What to Do When Your Already Verbal Toddler Stops Talking – Dealing with Selective Mutism

Real and received speech delays are not uncommon in babies and toddlers. In fact as many of 10% of all children suffer from a voice, speech or swallowing disorder that they may later overcome. Addressing the needs of a child with speech delays while challenging it is still less traumatic than facing a child who is already well on their way to full speech and suddenly stops talking.

Surprisingly, this scenario is far more common that you will ever imagine. We frequently get questions from parents who are startled when their little ones suddenly stop speaking both at home and in social settings.

Once the pediatrician and audiologist have excluded auditory issues and potential scenarios like autism spectrum have been excluded it may be wise to explore the possibility of selective mutism. Selective mutism is a complex and difficult to diagnose condition where the toddler or child only speaks in certain settings. The condition is often tied to anxiety and social phobia and appears to have a genetic element. Selective mutism may take place only at school or social settings and in some instances it is associated to fear triggered by a person within the household. To be clear, selective mutism is not the same as traumatic mutism.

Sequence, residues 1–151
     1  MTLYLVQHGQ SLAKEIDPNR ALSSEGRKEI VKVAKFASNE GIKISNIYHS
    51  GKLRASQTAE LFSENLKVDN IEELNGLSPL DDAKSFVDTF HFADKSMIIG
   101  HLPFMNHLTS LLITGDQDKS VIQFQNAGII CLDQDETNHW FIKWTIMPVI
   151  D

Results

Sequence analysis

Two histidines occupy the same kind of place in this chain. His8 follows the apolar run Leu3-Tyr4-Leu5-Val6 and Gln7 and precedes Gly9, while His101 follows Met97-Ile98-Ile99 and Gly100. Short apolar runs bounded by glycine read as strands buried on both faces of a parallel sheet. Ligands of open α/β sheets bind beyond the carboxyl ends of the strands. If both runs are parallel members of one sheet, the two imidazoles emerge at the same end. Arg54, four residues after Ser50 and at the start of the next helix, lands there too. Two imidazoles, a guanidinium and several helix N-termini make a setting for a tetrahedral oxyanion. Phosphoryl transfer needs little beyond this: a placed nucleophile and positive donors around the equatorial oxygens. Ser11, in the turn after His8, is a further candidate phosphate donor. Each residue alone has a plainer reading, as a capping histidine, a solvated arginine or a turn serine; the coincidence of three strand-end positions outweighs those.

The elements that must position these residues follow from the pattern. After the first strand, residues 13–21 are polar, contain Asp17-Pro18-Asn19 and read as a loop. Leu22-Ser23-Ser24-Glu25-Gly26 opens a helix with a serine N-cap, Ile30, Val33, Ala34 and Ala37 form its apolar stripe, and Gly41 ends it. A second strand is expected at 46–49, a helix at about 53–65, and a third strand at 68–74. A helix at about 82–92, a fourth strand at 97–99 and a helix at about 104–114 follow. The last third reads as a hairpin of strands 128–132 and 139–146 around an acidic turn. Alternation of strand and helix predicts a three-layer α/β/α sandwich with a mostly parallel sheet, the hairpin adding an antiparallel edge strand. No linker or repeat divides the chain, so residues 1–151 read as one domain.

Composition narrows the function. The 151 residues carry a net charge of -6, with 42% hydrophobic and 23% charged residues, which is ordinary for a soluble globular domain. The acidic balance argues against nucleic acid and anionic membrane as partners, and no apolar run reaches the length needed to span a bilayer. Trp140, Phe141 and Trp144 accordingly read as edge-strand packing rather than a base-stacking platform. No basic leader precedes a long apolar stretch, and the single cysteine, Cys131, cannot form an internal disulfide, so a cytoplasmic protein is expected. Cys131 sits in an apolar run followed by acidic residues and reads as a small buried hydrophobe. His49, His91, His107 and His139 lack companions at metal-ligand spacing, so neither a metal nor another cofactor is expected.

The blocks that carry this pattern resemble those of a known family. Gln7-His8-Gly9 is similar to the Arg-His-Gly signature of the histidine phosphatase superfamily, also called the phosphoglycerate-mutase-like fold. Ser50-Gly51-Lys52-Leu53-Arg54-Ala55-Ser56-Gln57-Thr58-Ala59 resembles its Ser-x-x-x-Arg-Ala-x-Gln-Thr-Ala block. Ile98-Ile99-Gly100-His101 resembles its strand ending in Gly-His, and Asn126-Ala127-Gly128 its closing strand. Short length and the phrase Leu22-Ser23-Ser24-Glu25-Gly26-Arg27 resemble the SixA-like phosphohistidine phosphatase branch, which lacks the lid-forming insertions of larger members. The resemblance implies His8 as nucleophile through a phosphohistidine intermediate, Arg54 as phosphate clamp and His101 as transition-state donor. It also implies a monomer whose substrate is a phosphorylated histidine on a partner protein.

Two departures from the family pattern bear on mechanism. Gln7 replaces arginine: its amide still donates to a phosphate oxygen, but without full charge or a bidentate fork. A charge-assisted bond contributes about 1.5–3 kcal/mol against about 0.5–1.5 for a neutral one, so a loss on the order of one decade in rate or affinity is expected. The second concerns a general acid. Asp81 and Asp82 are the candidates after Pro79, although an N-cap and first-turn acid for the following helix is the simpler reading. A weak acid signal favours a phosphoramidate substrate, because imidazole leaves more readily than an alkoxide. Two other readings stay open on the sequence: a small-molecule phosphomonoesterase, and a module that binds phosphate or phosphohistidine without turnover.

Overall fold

If your toddler has been diagnosed with selective mutism there are many options you can explore to help your toddler embrace speech once again. Early intervention is key.

In addition to appropriate diagnostic your toddler may benefit from the following:

  • Reduced environmental stress
  • Increased engagement in zones of comfort
  • Play therapy
  • Alternative communication such as pointing boards or baby sign language
  • Frequent socialization
  • Cognitive therapy
  • Medication

If you have just received a diagnosis of selective mutism we encourage you to become familiar with our baby sign language materials specifically designed for toddlers. Through music, clear real-life images and simple directions our resources can quickly provide a toddler facing SM an emotionally accessible tool to communicate what matters most to him.

 

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